• Watershed efforts: The collaboration of a wide range of people and organizations often across an entire watershed is vital to reducing nutrient pollution.
  • Nutrient Management: Applying fertilizers in the proper amount, at the right time of year and with the right method.
  • Cover Crops: Planting certain grasses, grains or clovers can help keep nutrients out of the water by recycling excess nitrogen and reducing soil erosion.
  • Buffers: Planting trees, shrubs and grass around fields, especially those that border water bodies, can help absorb or filter out nutrients before they reach a water body.
  • Conservation Tillage: Limited amount of tillage. Reducing how often fields are tilled reduces erosion and soil compaction, builds soil organic matter, and reduces runoff.
  • Managing livestock waste: Keeping animals and their waste out of streams, rivers, and lakes keeps nitrogen and phosphorous out of the water and restores stream banks.
  • Drainage water management: Reducing nutrient loadings that drain from agricultural fields helps prevent degradation of the water in local streams and lakes.
  • Edge of field (water) monitoring: collection of water samples either from surface runoff or subsurface flow (tile flow), typically used to track performance of a best management practice

Essential Files (maps, charts, pictures, or documents)

Did you know? (Ag facts)

  • Healthy plants often contain 3-4% nitrogen in their above-ground tissues.
  • Next to calcium, phosphorus is the most abundant mineral in the body.
  • More than 100,000 miles of rivers and streams, close to 2.5 million acres of lakes, reservoirs and ponds, and more than 800 square miles of bays and estuaries in the United States have poor water quality because of nitrogen and phosphorus pollution.

Extension Activities (how students can carry this beyond the classroom)

  • Water Footprint Activity: Students can track the amount of water they use on a daily basis and estimate the amount that contributes to runoff. They can then create a solution that decreases their own water footprint.
  • Using a Stream Table, have students create a concept that directs the flow of water in a direction to be filtered or away from a major body of water. Test their concept on the stream table using trial and error testing.
  • Write a proposal to their legislator that presents a solution to a specific kind of runoff.

Sources/Credits

Lesson plan development was funded by the Resource Enhancement and Protection Conservation Education Program (REAP CEP). Resource Enhancement and Protection Program (REAP): Invest in Iowa our outdoors, our heritage, our people. REAP is supported by the state of Iowa, providing funding to public and private partners for natural and cultural resources projects, including water quality, wildlife habitat, soil conservation, parks, trails, historic preservation and more.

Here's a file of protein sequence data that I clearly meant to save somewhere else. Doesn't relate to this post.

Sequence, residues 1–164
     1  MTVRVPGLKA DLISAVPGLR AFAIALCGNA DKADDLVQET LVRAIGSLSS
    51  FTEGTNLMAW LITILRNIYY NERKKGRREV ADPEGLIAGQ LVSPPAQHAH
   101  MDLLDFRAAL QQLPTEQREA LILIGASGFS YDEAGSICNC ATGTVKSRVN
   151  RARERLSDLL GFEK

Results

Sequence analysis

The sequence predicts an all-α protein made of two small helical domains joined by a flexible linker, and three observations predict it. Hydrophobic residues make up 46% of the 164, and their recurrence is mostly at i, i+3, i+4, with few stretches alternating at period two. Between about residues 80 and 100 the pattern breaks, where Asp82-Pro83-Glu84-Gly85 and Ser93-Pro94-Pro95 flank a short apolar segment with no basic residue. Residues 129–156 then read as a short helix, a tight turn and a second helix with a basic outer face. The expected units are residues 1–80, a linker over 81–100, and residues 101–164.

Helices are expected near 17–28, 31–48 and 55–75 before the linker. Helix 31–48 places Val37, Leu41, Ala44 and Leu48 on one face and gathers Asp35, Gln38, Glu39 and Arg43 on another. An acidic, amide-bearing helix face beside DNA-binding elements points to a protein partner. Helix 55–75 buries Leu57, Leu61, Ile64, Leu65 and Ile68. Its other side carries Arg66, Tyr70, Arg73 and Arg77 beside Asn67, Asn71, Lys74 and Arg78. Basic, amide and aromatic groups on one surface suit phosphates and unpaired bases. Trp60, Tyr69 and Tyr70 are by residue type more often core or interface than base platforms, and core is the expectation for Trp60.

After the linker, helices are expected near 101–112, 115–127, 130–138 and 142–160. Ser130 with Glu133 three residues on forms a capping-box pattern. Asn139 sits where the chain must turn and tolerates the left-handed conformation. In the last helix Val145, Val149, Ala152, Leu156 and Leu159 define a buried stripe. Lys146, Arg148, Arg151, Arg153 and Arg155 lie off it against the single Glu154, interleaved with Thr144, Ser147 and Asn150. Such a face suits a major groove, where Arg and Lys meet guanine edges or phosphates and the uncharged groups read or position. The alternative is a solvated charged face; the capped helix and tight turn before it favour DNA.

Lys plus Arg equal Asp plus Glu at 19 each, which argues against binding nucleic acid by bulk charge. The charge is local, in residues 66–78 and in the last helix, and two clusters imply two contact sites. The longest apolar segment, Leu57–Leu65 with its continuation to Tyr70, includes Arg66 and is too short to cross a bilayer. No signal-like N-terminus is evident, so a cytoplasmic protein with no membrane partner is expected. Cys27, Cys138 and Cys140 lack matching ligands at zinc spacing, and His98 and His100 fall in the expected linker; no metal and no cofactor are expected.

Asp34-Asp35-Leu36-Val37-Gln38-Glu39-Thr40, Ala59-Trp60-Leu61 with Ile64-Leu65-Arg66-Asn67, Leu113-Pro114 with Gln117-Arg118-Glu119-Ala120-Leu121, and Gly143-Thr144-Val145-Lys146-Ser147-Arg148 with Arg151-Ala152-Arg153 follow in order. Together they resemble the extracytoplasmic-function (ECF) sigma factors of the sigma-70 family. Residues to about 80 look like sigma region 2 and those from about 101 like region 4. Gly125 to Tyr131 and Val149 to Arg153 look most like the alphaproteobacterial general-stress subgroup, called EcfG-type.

Author(s) (your name)

Hannah Pagel

Organization Affiliation (your organization)

Iowa Agriculture Literacy Foundation

National Agriculture Literacy Outcomes

  • T4.9-12.d. Evaluate the benefits and concerns related to the application of technology to agricultural systems (e.g., biotechnology)
  • T4.9-12.c. Discuss population growth and the benefits and concerns related to science and technologies applied in agriculture to increase yields and maintain sustainability
  • T1.9-12.a. Describe how wildlife habitats are created and maintained by farmers/ranchers and why these habitats are important (e.g., promoting pollinator habitat, insect refuges, creating buffer zones for nutrient management, etc.)

Iowa Core Standards

  • HS-LS2-6. Evaluate the claims, evidence, and reasoning that the complex interactions in ecosystems maintain relatively consistent numbers and types of organisms in stable conditions, but changing conditions may result in a new ecosystem. (soil structure, water cycle, nitrogen cycle)
  • HS-LS4-5. Evaluate the evidence supporting claims that changes in environmental conditions may result in: (1) increases in the number of individuals of some species, (2) the emergence of new species over time, and (3) the extinction of other species. (increased nutrients like fertilizers can lead to increased yields)
  • HS-ESS3-2. Evaluate competing design solutions for developing, managing, and utilizing energy and mineral resources based on cost-benefit ratios. * (adding nitrogen vs. crop rotation)
  • HS-ETS1-3. Evaluate a solution to a complex real-world problem based on prioritized criteria and trade-offs that account for a range of constraints, including cost, safety, reliability, and aesthetics, as well as possible social, cultural, and environmental impacts. (watersheds prioritization activity